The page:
Cruel and Unusual
- Author: Patricia D. Cornwell
- Genre: Mystery/Thriller
- Publication Date: June 10, 1993
- Publisher: Little, Brown
- Series: Kay Scarpetta #4
CONTENT WARNING: murder, gore, blood, suicide, mention of cancer, grief, mutilation, fatphobia, racial slur
11:05 P.M. Convicted murderer Ronnie Joe Waddell is pronounced dead in the Commonwealth of Virginia’s electric chair.
In the morgue, Dr. Kay Scarpetta has been waiting for Waddell’s body. It’s a strange feeling, preparing for an autopsy before the subject is dead. But Scarpetta’s been here before. As Virginia’s chief medical examiner, she knows the tension of watching the clock as the execution hour draws near.
Waddell’s death isn’t the only newsworthy event on this cold December night. Three hours after thirteen-year-old Eddie Heath goes out to a convenience store to buy a can of soup, his nude, grotesquely wounded body is found propped against a dumpster.
Waddell’s execution, the attack on Eddie—the two events seem unrelated until Scarpetta and Richmond police lieutenant Pete Marino remember that Waddell arranged his victim in a strikingly similar position to Eddie’s. And then there’s a new murder, the most puzzling of all.
The crime scenes yield few clues: old bloodstains, fragments of feather, and—most baffling—a bloody fingerprint that points Scarpetta to the one suspect who could not possibly have committed this murder.
And somewhere in Virginia’s corridors of power, perhaps even in her own office, lurks an enemy who will destroy Scarpetta unless she can produce the proof that will clear her name. With some help from her seventeen-year-old niece, computer whiz Lucy, as well as from her loyal friend Lieutenant Marino and FBI agent Benton Wesley, Scarpetta musters all her forensic expertise and investigative skills to uncover shocking secrets that will have vast repercussions.
Cruel and Unusual moves bestselling author Patricia D. Cornwell in dramatic new directions, confirming the extraordinary range and power of this gifted, prizewinning writer.
After finishing All That Remains, I couldn’t help but jump directly into the next book in the series. This time, Kay is trying to figure out a new set of crimes that link back to a man who was just executed. And it’s all set against the backdrop of the Christmas season.
The relationship between Kay and Marino becomes even more intense, as she has less people she is able to trust, and more pressure to solve a case that seems unsolvable. In addition, Kay is dealing with some serious grief and it impacts how she connects with others. Naturally, Marino is the one who points this out to her:
“You’ve always been this reserved, professional lady—someone real slow to let anybody in, but once the person’s there, he’s there. He’s got a damn friend for life and you’d do anything for him. But you’ve been different this past year.”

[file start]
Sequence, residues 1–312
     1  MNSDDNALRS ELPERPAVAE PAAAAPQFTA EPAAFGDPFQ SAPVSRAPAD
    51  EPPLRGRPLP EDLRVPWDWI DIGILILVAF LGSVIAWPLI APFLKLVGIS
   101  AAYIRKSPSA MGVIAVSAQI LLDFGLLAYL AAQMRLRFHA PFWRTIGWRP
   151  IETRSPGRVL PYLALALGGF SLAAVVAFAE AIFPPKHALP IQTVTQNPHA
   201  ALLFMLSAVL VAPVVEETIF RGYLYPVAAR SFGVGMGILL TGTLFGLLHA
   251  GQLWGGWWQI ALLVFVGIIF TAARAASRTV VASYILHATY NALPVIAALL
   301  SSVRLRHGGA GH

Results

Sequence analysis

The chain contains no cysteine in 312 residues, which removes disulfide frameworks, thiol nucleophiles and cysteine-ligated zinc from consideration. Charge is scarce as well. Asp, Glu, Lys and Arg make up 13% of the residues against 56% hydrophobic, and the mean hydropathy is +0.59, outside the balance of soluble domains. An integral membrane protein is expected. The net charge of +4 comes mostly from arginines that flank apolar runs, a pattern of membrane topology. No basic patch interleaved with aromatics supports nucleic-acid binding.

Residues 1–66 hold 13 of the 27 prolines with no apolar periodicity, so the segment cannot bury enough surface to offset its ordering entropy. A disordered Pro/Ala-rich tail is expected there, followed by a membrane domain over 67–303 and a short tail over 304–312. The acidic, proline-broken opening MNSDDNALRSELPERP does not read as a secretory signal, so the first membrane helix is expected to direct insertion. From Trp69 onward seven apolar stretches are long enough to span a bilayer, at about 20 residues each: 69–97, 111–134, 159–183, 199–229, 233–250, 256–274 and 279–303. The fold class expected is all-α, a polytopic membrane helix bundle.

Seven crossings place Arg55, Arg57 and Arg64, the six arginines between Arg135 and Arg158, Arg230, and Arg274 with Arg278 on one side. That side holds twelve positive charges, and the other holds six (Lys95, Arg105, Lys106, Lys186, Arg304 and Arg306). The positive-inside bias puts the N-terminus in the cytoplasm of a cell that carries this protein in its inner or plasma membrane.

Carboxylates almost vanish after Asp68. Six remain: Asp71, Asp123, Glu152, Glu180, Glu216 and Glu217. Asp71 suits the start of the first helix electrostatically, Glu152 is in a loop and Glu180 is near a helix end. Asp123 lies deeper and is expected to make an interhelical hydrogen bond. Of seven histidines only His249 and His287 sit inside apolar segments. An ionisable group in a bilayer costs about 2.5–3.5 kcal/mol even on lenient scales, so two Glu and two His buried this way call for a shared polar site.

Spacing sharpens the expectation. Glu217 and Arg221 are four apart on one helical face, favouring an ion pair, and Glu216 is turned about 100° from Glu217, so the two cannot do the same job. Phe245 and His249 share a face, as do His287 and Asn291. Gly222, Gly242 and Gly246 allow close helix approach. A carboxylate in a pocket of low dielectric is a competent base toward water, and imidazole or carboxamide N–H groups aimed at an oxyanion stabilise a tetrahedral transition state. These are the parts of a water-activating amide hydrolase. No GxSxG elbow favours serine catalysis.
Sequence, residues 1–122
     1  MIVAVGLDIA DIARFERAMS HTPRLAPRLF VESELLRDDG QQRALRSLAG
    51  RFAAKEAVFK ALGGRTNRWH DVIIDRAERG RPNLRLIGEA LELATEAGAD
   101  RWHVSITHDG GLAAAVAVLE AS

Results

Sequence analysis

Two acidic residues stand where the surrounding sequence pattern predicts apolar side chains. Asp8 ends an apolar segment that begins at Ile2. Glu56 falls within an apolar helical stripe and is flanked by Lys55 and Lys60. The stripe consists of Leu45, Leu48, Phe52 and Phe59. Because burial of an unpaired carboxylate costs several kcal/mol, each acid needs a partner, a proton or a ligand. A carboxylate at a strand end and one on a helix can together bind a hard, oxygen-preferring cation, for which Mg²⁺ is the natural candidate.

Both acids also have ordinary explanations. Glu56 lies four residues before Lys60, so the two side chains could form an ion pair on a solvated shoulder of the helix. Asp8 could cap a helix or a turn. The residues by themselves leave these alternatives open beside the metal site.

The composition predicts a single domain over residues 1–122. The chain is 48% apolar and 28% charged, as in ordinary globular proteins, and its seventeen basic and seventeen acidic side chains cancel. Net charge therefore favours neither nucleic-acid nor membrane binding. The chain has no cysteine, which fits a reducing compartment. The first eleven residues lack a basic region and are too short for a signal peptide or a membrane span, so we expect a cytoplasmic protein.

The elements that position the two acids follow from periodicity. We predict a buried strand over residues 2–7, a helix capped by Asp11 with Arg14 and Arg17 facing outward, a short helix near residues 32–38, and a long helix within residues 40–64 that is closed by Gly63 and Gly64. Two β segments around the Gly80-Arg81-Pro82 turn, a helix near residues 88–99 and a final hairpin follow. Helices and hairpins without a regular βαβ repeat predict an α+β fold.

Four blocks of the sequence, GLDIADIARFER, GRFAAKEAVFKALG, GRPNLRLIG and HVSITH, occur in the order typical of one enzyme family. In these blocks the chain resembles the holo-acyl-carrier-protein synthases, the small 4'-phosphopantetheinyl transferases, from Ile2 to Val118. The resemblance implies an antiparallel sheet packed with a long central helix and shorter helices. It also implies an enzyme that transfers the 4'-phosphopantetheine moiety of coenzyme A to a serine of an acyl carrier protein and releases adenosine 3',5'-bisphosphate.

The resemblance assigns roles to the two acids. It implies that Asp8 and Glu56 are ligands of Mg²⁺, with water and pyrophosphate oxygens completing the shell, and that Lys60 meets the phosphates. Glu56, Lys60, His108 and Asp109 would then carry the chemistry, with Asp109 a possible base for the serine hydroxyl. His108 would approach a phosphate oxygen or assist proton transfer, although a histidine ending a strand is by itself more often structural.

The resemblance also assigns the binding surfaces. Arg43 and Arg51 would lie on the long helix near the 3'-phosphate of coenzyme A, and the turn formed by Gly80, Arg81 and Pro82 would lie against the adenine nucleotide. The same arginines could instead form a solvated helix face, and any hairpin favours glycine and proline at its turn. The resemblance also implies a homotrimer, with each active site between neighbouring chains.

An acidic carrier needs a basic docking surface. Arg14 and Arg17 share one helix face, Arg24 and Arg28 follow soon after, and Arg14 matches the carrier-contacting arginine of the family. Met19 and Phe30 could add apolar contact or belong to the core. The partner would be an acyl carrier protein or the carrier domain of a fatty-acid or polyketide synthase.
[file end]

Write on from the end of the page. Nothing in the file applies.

It’s clear that something is going on, and there’s a lot going on behind the scenes. However, it starts to look like Kay is being thrown under the bus, and we aren’t sure who is behind it or why they’re doing this. So Kay starts to brainstorm with Marino, and the banter between the two of them was a bright spot in a fairly dark book.
“Marino loved this game. It gave him just as much pleasure when I echoed his thoughts as it did when he believed I was flat-out wrong.”
While she’s managing to cope with the pressure well, she also gets the added stressor of needing to rely on her niece, Lucy, for her computer-based expertise. Lucy has grown up a lot since her last appearance in the series, and I wouldn’t be surprised at all to see her going into the law enforcement field in some capacity. But having Lucy around highlights Kay’s shortcomings in her interactions with others and her family relationships.
Juxtaposed with her personal and internal issues, she’s stuck trying to solve another case that provides conflicting evidence, and betrayals in her professional life. I loved seeing Kay keep her cool through everything, and never doubted her for a moment. Like the other books in the series, the plot is fast-moving and surprising, allowing me to read it in a day. When the twists were revealed, I was frequently blindsided. I often try to figure things out in advance, and there were seriously only one or two that I accurately predicted. You know perfectly well that immediately upon finishing this book, I requested the next two from the library. I’m seeing a pattern here, and I hope they arrive soon, because I can’t wait to see what happens next.
People who have sat around with me while I’m reading, especially when there’s a surprising reveal, a shocking plot twist, or an unexpected event often look up in alarm when I gasp audibly. The gasp factor is directly related to the number of times I audibly gasp during a reading, and there isn’t an upper limit.
Gasp Factor: 8
Categories: Book Review